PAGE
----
Scott Deshefy

‘Reverence for All Life, Can Take us Out of Echo Chambers’

When species diversify by exploring new ecological niches, passing along novel behaviors, acquired knowledge and distinctive anatomical traits, we biologists call that adaptive radiation. Culture is the passing from generation to generation of learned and shared behaviors. Units for carrying such ideas, symbols or practices from mind to mind via speech, writing, rituals or other imitable ways are memes. Like genes in biological evolution, they self-replicate, mutate and respond to selective pressures. With so much rapidly transmissible misinformation, distortion of fact and conspiracy mongering, it’s time we Americans stepped up to the plate, pined less for the old, dysfunctional “normal” and started creating a better one. To do so, we need to use the same batter’s box: Reality.

We now have multiple, effective vaccines, developed in record time. Hopefully, they’ll manage COVID-19, but eradicating coronavirus entirely won’t happen. Too many biologic and sociologic challenges persist. The logistical conundrum of getting enough shots into arms to achieve herd immunity is complicated by nescient and contrarian refusals to get inoculated. Furthermore, sera have been slow getting to poorer countries, and the more people who contract SARS-CoV globally, the more opportunities the virus has to replicate and, potentially, mutate into newer, more virulent strains. That inevitable conveyor belt of variants, abetted by vaccine hesitancy in the U.S. and elsewhere, rollout snafus and failures to wear masks and social distance, means the current sprint between mutating variants and effective vaccines is really a co-evolutionary marathon. SARS-CoV will stay endemic (like the flu), spiking periodically, as parades of vaccines race to keep more virulent strains from getting catastrophic.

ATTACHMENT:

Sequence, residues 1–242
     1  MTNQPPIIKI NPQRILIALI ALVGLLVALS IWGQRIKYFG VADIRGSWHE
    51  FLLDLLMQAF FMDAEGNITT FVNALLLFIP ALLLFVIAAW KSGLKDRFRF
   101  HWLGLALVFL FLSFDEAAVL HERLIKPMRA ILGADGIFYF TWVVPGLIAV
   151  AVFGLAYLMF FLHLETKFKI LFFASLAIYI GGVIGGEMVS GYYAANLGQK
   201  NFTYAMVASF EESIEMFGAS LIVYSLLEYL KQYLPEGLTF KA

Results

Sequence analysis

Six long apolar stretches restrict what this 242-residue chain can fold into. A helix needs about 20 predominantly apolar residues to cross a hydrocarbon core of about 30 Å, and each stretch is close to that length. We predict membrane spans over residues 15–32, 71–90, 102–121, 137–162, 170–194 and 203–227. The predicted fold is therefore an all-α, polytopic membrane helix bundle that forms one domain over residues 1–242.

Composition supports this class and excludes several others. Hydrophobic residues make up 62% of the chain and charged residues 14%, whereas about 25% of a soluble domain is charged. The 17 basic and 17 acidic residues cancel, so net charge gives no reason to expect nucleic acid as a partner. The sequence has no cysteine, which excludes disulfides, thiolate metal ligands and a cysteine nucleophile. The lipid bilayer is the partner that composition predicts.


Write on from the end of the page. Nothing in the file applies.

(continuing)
In simple, relatively homogeneous societies prior to 1800, natural law provided a frame of reference for rational order which countered the pluralism of rising national states, Church schisms, world commerce and specialized labor. But with the industrial revolution and mid-19th century revolts against authority and empire, as social psychologist Erich Fromm, philosopher-historian Etienne Gilson and journalist Walter Lippmann once suggested, gradual dissolution of objectively determined true and false, right and wrong occurred. Men and women no longer hid their loneliness and insecurities beneath perceived public order. Once-unchanging moral principles, regarded as bases for human conduct, vanished with 20th century wars, famines, the flu epidemic and Great Depression. Hitler, astute to human weakness, wrote in Mein Kampf   how the masses, feeling deserted and alone, looked to the Nietzchean “ruler rather than the suppliant” to restore external security. We’re dangerously inclined again.

Just as in the late 1800s, the U.S. is highly individualistic, exhibiting a Gilded Age social isolation. It took the Progressive Era’s “WE mentality” to reverse that trend a half-century or so. Then, we reverted. Unlike fascists, progressives rejected social Darwinism, invented public high schools, and brought people together championing reforms like consumer protection, labor laws, environmental conservation and monopoly-busting. Today’s pandemic restrictions teach us we don’t have to shop aimlessly, pollute or get drunk to fill an inner void. No one is truly alone or threatened in societies of reciprocal responsibilities. In 2020, the U.S. was pummeled by 22 climate events costing more than $1 billion. Texas’ latest crisis (w/$1,000 energy bills) reminds us that a single natural law, reverence for all life, can take us out of echo chambers. Unity means mitigating climate change by building a green technology infrastructure.

Scott Deshefy is a biologist, ecologist and two-time Green Party congressional candidate.

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